The General Assembly vote on the council's membership was largely a foregone conclusion, with only two competitive races out of 18 open seats. Azerbaijan lost its bid for membership from the Eastern Europe group, and Kenya lost from the Africa group.
Human rights groups split on US return
The US candidacy was the focus of the day, with human rights advocates divided over America's return to what is widely seen as a flawed institution.
The purist view – that sitting on a body whose members include rights violators does not serve the cause of human rights – was voiced by prominent rights advocates such as Vaclav Havel, leader of the Czech Velvet Revolution and a former president of the Czech Republic.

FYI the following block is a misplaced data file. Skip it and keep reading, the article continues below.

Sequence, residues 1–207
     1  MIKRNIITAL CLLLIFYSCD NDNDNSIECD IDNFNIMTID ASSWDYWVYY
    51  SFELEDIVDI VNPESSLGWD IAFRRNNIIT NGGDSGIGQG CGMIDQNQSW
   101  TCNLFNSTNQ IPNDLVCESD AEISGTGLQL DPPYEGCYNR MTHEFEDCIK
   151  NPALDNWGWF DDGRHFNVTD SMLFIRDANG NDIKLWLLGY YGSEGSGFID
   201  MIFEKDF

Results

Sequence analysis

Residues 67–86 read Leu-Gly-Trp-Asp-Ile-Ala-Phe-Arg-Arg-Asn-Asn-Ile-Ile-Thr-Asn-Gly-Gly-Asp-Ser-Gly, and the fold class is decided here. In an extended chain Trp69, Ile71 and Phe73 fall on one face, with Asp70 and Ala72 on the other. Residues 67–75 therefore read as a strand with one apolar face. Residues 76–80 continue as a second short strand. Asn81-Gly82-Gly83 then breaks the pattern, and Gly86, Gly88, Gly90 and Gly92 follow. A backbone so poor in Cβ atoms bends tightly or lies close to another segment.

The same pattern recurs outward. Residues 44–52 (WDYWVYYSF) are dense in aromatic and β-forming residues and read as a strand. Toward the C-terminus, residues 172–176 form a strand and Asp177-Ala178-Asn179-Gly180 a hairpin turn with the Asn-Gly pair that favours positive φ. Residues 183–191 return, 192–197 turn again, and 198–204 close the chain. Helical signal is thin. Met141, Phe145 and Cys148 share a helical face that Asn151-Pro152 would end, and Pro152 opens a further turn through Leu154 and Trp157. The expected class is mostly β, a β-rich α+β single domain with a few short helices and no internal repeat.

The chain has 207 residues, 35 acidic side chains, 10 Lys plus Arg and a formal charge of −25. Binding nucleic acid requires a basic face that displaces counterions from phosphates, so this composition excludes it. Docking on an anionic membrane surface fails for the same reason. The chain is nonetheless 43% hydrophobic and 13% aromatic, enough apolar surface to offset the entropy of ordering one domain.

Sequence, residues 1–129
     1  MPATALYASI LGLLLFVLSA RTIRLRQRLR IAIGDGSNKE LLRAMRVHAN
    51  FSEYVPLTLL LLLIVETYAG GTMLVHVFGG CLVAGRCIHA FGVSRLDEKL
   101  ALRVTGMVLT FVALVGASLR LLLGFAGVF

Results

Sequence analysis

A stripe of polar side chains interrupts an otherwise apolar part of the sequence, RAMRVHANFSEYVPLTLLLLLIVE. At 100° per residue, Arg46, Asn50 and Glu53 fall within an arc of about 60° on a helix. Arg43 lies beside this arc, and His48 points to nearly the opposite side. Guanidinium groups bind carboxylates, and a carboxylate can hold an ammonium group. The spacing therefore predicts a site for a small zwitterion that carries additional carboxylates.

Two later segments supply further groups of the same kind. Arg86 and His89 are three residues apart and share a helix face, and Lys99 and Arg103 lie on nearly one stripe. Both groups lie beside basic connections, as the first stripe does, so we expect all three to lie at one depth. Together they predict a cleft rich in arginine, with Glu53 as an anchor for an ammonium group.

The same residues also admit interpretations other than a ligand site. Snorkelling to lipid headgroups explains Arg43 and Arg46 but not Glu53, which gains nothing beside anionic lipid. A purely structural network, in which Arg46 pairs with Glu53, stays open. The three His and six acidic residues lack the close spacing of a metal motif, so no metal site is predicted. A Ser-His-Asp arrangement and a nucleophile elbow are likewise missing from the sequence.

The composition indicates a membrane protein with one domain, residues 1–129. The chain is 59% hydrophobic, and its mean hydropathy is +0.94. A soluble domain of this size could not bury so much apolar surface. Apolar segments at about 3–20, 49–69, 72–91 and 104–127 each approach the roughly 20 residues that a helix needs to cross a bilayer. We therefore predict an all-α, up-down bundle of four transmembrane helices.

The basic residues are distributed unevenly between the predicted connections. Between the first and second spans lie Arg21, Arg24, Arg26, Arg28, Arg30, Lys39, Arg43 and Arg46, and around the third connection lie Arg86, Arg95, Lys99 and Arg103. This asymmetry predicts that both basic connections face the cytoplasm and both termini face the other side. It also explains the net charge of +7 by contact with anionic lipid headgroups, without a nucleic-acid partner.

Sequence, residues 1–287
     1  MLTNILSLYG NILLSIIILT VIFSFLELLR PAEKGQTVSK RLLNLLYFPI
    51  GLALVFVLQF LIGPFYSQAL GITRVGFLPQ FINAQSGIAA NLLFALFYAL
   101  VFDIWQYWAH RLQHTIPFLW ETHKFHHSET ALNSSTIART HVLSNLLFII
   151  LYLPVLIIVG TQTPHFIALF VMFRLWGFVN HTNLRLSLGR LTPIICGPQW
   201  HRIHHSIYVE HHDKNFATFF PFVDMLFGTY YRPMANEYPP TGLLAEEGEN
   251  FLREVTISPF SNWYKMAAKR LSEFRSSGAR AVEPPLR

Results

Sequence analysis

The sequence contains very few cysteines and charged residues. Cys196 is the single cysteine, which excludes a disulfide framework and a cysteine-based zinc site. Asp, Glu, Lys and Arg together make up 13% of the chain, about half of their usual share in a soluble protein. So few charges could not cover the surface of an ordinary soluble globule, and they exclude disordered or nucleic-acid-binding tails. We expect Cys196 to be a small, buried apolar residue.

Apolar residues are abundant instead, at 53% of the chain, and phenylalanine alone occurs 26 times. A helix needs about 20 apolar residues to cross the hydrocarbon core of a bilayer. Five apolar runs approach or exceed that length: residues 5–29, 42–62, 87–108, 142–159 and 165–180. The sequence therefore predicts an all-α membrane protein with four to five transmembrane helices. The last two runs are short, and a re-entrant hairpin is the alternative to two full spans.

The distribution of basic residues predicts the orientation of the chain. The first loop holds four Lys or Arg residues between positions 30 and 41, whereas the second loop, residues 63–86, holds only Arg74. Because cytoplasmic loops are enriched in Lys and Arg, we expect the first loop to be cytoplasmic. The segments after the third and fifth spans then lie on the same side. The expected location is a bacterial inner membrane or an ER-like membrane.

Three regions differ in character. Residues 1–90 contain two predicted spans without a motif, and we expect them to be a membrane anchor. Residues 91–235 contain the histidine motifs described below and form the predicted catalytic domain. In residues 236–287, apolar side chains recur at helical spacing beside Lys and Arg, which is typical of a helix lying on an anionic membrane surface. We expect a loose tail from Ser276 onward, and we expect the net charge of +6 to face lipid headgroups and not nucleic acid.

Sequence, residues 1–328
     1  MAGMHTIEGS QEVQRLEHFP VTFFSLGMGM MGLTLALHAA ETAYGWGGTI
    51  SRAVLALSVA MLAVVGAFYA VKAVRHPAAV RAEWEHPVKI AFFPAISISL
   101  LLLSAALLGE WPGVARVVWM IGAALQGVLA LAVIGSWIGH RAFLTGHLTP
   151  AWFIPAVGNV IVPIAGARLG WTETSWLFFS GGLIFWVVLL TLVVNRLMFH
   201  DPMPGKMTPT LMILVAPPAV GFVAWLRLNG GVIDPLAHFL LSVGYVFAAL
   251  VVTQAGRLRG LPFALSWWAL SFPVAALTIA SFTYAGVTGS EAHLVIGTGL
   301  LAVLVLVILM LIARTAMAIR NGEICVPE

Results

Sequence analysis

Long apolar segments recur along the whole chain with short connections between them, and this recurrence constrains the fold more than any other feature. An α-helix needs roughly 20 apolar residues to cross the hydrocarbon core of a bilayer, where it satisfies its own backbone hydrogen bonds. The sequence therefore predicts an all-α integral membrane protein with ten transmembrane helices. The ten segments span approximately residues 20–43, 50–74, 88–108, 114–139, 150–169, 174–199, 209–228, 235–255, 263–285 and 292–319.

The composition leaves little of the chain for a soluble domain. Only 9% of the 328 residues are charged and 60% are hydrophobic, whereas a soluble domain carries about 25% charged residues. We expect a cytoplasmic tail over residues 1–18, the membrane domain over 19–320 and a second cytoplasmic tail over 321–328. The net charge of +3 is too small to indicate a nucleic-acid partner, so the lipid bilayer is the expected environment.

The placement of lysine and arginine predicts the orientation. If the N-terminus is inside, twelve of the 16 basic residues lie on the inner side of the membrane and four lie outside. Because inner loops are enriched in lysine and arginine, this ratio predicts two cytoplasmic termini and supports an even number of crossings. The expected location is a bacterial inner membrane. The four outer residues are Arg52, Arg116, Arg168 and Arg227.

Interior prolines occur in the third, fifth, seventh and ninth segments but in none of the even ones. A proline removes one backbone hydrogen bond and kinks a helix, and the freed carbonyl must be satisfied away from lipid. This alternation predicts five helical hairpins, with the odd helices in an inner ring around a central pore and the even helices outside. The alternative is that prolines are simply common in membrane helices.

The Obama administration took the other side in the debate: that rights improvements and institutional reforms will be best achieved from inside the council. Many international human rights groups and experts in global institutions endorsed that position.
"The administration is taking the right decision here – with the proviso that we will use this new position to speak out forcefully against the abuses we see taking place," says Michael Doyle, an expert in UN institutions at Columbia University in New York and a former UN official. "Our participation on the council does not per se legitimate bad behavior if we are acting on the inside to fight it."
Others counter that a US presence on the council could actually set back the cause of human rights.